formativeness of the bids and the number of remaining observations per bidder.18                    19

Figure 3 and 4 display the bid distribution in the full and the restricted sample. The
full distribution displays a second peak at very low prices. This is due to a number of
bids between 1e and 20e . Bidders will hardly believe that they will win with these
bids. One explanation why bidders engage in these bids is that it is an easy way to
track an auction.20 By excluding early bids the two peakedness of the distribution
  17 At there is no secret reserver price. Selling at a fixed price without the option for an
auction as is encountered often these days was not available when the data was collected.
  18 Ideally one would like to use a formal test to distinguish between informative and non-informative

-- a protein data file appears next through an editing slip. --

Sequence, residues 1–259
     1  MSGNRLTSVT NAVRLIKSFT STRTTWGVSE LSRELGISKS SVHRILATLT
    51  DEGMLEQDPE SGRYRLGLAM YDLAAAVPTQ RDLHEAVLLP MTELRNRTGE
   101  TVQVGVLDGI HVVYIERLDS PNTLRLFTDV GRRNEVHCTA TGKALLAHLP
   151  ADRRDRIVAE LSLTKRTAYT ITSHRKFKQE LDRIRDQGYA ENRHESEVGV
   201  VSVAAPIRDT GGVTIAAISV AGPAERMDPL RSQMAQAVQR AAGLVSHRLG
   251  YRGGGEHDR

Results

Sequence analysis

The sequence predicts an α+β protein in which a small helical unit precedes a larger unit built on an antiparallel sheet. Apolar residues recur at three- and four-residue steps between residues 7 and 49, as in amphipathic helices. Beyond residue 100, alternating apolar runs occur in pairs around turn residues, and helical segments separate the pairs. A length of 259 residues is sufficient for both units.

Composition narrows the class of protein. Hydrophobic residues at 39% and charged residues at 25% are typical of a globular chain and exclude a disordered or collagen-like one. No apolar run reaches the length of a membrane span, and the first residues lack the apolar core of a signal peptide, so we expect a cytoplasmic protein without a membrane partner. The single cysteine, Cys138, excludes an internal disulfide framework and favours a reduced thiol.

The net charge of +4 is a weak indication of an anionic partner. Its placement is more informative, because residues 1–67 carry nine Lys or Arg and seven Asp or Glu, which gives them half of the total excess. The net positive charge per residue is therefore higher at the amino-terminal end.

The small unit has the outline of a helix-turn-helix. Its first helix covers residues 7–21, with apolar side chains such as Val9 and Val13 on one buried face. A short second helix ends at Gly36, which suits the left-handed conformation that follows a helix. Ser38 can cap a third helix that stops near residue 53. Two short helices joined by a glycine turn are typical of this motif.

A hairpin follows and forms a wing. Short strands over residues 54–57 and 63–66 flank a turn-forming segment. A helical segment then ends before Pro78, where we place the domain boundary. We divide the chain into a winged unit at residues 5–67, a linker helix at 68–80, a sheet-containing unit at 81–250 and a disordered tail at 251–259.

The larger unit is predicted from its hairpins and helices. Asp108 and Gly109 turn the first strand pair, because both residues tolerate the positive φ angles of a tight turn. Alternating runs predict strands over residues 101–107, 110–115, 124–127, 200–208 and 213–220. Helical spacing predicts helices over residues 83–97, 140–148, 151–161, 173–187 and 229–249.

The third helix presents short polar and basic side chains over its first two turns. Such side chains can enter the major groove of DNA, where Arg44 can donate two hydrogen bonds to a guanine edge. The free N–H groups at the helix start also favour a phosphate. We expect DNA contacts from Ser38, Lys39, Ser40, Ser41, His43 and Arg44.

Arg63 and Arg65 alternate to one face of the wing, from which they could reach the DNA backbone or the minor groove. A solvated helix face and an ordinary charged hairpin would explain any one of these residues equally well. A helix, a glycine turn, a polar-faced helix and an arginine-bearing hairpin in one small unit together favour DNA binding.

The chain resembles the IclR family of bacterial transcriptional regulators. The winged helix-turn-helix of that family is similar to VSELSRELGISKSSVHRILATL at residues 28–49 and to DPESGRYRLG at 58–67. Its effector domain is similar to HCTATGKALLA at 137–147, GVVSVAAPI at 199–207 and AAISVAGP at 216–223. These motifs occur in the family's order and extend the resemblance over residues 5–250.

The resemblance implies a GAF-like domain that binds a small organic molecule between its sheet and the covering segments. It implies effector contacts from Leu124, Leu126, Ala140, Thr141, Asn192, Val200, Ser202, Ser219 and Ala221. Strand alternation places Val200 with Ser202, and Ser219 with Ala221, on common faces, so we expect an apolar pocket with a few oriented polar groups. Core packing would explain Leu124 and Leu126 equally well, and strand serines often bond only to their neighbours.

19 Whenever possible the estimation procedure will rely on the highest and second highest bids

only, since these are the most trustworthy ones (see ?) and Song (2004)).
  20 As opposed to at auctions that are closed cannot be searched for anymore.

Alternative ways for obtaining information on the price at which an auction closed are to use eBays

    Table 4 reports summary statistics of the remaining 788 auctions. Every day
around 5 Ipaq3850 auctions closed. 20% of these auctions offered new products, 33%
were bundled with additional accessories, 3.5% came with a non-German operating
system, and 4% had some other kind of defect such as scratches or missing standard
accessory. Winners paid on average 469.93e for their products (Std: 78.34e , min:
280e , max: 872 Euro) plus an additional 7.2e for shipping and handling. Figure